of activities, to exchange skills and ideas, is a big
part of it, the main part of CWA membership on a
But they’re a force to be reckoned with as well
and as membership continues to grow back to-
wards post-war levels, they’re certainly a commu-
nity-based group to watch... and to join!
PROOF TO KERRY
On now until April 25
Open daily: 11am-5pm
(INC. ALL PUBLIC HOLIDAYS
AND EASTER DAYS)
655 Fairbank Road, Arawata
Phone 0428 598 262
The magnificent art of
DI & JOHN KOENDERS
Wildlife and landscapes
(10 mins north of Leongatha / Korumburra)
42 Murray St, Wonthaggi
25 a'Beckett St, Inverloch
2/1524 Bass Hwy, Grantville
Central Suites - Bass Coast Health
Fully Accredited to the latest Royal Australian College
of General Practice (RACGP) Standards
The Wonthaggi Medical Centre will be closed on
Easter Friday, April 14 and Easter Monday April 17.
The clinic will be open on Saturday, April 15
from 9am to 12noon.
The A'Beckett Street Medical Centre at Inverloch, the Grantville
Medical Centre at Grantville and our service at the Central Consulting
Suites will be closed on Easter Friday, April 14 and will reopen on
Tuesday, April 18.
After hours call 5672 1333.
Charges apply for all after hours attendances
Among the main winners in the Bass Group CWA’s 63rd annual Creative Arts Exhibition
at the Loch Public Hall last weekend were, from left, front, Barb Kerley (Best Exhibit in
Preserves, Pickles and Relishes), Betty Young (Best Fashion Yarn), Agnes Veldhuizen, Dik-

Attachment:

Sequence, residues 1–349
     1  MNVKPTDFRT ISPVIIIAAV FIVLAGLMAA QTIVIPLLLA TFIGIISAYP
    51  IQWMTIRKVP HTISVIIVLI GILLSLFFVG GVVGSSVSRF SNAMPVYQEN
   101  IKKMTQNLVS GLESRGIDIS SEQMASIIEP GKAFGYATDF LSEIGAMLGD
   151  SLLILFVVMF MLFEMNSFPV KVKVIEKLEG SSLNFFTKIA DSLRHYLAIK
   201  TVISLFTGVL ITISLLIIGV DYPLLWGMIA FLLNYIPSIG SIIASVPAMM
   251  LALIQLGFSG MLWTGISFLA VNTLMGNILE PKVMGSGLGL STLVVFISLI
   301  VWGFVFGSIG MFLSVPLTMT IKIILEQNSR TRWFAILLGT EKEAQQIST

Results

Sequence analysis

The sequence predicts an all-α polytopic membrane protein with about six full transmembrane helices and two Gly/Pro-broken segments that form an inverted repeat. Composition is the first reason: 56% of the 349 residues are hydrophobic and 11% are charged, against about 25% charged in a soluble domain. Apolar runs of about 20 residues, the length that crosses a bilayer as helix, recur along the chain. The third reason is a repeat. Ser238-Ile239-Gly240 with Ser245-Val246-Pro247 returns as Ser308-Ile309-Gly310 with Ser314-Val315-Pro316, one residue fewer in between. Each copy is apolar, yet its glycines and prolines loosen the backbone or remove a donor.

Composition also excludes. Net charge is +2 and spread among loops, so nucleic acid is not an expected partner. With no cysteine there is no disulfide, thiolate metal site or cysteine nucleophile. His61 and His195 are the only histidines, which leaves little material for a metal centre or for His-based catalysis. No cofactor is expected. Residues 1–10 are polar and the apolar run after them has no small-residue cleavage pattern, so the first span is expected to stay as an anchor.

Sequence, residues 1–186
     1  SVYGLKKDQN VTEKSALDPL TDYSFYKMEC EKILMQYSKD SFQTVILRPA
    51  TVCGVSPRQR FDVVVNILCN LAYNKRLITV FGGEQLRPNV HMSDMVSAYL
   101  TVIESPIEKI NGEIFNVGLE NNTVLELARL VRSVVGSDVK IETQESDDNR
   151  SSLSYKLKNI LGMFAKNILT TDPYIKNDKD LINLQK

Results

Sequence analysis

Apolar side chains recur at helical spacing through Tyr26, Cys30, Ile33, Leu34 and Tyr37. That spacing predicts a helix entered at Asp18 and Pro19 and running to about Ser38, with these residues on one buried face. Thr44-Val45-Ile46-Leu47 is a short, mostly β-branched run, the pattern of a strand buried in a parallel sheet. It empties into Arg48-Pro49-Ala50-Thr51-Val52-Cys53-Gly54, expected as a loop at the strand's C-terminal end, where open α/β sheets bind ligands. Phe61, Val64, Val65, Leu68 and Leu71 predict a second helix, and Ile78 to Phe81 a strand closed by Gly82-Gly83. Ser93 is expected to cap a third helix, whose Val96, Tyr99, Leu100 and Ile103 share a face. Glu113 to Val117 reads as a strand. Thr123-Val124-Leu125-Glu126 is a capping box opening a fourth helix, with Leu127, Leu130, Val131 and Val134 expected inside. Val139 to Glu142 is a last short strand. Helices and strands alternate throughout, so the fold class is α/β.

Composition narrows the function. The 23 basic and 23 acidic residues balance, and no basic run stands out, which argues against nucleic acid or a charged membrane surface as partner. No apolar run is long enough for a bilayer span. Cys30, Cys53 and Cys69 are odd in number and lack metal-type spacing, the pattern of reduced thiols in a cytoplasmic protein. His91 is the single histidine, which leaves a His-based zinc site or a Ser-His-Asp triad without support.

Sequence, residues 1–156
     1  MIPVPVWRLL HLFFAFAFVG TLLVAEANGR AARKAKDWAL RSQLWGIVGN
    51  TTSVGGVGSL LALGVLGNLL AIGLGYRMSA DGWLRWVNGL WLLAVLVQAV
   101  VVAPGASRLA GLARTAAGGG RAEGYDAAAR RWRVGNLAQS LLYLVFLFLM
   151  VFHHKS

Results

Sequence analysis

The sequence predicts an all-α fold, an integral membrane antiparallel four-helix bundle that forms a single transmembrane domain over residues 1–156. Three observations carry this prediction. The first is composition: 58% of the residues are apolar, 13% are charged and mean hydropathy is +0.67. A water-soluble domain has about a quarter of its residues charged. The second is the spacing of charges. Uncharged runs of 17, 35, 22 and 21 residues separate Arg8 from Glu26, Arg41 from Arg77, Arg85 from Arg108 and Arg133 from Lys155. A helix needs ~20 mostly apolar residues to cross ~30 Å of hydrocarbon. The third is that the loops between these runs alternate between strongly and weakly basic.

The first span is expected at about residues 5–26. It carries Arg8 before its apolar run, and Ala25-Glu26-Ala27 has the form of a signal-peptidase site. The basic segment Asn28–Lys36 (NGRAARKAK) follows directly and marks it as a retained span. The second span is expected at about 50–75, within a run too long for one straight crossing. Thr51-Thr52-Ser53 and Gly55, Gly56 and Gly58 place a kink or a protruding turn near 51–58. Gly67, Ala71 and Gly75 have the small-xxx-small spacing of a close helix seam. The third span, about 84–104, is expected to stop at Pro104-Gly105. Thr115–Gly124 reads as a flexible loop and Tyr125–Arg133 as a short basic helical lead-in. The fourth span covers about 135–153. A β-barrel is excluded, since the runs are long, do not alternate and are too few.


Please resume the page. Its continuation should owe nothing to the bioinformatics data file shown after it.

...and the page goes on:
ki Dikkenberg (Best in Flowers, Wool Article, Handiwork), back, Gwen Swan, Lois Jack-
son (40-year service award) and Felicity Newberry (Best in a variety of sections). m201517
Wonderful CWA show
THE mayors of both Bass Coast and South
Gippsland shires, Cr Pam Rothfield and Cr Ray
Argento, joined forces under the one banner at
the weekend, their shared interest in the Bass
Group of the Country Women’s Association.
With branches stretching right across the two
shires from Cowes in the west to Loch in the east
and everywhere in between including Coronet
Bay, Grantville, Woodleigh Vale, Lang Lang and
Glen Alive; all of them represented at what was
a stunning exhibition.
Special guest at the exhibition was CWA State
President Machelle Crichton who was delighted
with the work on display.
“The creative work of these women is out-
standing and I salute them,” she said.
“Margaret Hyde (long time Leongatha CWA
member) in her words opening the exhibition